“It would be like a revolving door where they would return to continue with their career journey after a few years abroad, possibly followed by a few more stints,” added the spokesperson. Balik kampung Ivy Low, International Candidate Manager at Robert Walters (Singapore), said returning Singaporeans bring with them a level of savviness, ability to engage with global stakeholders, and fresh perspectives when analysing certain situations.
Following the implementation of the MOM’s Fair Consideration Framework in 2014 to ensure a core Singaporean workforce, the recruitment consultancy launched a Balik Kampung initiative to attract Singaporeans living and working abroad to come back.
Within a week of the first Balik Kampung email being sent out to Singaporeans registered in its database, the firm received an “encouraging response” from individuals who submitted their résumés, expressing their interest in returning home, said Low.
Since then, its database of overseas Singaporean candidates who fall into its specialised areas of recruitment has increased by 30 percent, with companies in the financial services and technology sectors in particular reaching out to this group.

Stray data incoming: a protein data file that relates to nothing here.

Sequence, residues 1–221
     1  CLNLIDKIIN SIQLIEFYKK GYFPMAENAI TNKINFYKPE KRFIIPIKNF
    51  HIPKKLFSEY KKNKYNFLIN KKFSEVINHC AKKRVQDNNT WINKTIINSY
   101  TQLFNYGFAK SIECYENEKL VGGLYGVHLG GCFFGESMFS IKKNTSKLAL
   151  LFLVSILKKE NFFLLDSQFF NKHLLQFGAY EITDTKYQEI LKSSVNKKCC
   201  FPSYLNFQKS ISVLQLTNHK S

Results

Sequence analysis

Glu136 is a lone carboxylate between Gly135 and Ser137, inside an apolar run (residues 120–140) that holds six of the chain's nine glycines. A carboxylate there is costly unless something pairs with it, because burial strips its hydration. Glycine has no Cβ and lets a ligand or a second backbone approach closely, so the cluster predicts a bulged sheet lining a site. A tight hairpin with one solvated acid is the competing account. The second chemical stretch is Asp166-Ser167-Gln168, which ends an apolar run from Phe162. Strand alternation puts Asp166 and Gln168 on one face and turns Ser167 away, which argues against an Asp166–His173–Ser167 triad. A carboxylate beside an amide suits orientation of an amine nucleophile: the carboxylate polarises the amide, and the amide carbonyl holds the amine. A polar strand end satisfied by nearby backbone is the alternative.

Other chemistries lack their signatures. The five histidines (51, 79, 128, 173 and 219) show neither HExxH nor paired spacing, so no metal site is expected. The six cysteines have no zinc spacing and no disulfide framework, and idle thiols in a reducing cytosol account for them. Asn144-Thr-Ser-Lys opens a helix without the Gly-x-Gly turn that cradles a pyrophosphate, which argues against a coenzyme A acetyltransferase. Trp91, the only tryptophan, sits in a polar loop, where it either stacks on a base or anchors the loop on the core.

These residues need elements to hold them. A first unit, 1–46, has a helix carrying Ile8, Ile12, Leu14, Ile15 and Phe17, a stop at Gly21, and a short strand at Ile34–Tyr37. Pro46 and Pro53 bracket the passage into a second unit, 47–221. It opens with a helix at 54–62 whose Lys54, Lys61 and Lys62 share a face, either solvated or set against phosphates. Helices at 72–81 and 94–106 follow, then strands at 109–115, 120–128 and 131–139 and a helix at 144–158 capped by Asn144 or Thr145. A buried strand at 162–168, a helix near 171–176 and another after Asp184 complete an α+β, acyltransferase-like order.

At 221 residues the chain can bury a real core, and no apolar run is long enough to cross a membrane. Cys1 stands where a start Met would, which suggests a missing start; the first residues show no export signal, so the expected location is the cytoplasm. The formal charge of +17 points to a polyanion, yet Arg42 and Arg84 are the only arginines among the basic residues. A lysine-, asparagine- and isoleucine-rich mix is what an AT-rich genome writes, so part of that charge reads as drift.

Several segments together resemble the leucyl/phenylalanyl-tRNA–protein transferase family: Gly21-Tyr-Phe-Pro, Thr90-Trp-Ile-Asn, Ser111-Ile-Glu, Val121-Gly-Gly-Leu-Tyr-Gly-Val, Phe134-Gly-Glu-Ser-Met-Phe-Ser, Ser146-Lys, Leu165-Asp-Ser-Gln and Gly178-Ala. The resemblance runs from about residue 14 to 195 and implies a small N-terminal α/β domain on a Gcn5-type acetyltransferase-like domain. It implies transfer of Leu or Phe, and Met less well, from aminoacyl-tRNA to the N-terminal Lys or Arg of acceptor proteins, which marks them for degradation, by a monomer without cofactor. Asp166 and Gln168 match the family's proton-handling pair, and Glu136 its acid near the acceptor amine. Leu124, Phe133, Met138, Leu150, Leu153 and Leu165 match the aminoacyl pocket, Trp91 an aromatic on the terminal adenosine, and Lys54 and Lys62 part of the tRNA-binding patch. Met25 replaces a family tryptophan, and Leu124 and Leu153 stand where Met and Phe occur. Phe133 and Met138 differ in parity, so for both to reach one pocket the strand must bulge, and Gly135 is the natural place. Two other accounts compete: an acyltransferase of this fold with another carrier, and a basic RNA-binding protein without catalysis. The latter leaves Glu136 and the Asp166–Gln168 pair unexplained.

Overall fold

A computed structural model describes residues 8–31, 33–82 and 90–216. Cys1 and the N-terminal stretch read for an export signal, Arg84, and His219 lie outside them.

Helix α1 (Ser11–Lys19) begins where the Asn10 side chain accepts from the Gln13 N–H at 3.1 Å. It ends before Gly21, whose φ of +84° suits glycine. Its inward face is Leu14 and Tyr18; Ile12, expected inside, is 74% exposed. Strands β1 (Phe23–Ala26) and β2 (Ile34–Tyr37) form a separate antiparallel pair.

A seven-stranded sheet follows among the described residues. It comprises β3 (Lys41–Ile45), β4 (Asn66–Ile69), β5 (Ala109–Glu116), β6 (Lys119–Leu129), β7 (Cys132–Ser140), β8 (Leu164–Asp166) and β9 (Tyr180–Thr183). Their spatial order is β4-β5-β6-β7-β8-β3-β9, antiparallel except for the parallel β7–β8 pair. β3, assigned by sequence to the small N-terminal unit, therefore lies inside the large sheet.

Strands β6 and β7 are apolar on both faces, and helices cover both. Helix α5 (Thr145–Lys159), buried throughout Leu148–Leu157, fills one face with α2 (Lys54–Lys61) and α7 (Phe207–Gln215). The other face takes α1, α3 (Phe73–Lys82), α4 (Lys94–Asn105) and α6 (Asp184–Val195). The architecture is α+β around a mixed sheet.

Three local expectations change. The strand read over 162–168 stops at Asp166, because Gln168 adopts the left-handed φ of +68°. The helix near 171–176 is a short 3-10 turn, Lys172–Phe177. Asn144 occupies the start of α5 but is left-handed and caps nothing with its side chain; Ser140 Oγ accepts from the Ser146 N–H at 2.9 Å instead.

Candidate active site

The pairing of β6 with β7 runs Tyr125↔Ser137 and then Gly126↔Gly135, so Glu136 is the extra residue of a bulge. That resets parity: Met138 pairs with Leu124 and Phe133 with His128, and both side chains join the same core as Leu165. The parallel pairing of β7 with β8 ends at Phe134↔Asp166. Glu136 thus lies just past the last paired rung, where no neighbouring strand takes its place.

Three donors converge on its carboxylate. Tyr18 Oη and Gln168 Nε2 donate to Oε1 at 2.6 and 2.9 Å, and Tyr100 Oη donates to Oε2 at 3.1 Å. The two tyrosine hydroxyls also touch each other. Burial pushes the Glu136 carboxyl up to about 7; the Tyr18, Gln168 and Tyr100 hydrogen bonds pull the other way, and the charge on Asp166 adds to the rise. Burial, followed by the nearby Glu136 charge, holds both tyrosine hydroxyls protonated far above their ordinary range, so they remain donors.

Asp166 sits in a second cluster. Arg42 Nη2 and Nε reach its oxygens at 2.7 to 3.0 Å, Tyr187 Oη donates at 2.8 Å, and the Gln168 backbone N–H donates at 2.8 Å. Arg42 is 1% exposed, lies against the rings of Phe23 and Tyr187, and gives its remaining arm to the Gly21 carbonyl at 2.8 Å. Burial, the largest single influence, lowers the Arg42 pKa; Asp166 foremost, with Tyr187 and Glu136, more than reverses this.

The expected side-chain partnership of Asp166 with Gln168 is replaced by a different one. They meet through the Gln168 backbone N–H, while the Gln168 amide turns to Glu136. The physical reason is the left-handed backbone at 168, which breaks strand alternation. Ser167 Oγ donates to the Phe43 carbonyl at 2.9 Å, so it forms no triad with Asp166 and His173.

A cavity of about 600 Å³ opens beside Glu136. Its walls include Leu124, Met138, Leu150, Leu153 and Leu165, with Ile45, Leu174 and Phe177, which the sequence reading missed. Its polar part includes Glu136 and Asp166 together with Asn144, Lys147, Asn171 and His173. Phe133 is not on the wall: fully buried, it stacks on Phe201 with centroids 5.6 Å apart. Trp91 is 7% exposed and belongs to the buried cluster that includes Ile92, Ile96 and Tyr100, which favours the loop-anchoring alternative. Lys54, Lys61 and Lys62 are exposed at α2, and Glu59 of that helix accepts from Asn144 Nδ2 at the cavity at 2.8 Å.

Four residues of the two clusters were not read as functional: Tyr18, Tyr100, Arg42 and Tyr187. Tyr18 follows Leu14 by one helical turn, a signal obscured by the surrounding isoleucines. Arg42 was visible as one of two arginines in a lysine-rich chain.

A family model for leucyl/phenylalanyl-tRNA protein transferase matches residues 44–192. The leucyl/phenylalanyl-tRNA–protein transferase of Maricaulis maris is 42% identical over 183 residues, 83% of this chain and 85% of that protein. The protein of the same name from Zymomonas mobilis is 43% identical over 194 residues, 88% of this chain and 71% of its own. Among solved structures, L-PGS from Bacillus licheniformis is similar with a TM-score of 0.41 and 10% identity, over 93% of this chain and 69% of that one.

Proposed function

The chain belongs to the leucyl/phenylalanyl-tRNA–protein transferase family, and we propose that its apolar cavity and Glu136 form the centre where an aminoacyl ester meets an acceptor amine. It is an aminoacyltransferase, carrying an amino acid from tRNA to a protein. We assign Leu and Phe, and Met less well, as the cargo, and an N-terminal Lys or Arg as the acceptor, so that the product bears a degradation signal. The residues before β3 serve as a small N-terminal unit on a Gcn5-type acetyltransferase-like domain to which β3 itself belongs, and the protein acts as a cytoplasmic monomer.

“There are some newly-created roles that require candidates to have niche skillsets, and overseas exposure would be valuable,” she noted.
For example, as Singapore works towards building a Smart Nation, technology start-ups are keen to connect with returning Singaporeans from Silicon Valley who have gained overseas experience and would be able to develop the local ecosystem here, she said.
“Being a meritocratic market, niche skillsets would be highly valued by hiring managers, and enable these overseas Singaporeans to command higher pay.”
But while having international work exposure is good, in the end, it boils down to demand in the labour market, she stated. Mixed views Despite the slew of initiatives put in place to draw overseas Singaporeans back, Lim sees herself living in the UK long-term. “If I am still single in a decade, I might go back since I will not have strong ties in the UK, but for now, I’m happy living here.
“Perhaps if working conditions were better in Singapore with better employee rights, I might consider it.”
As for Ho, he sees himself moving back to Singapore as he considers it home. “I’d like to be close to my parents and friends,” he said.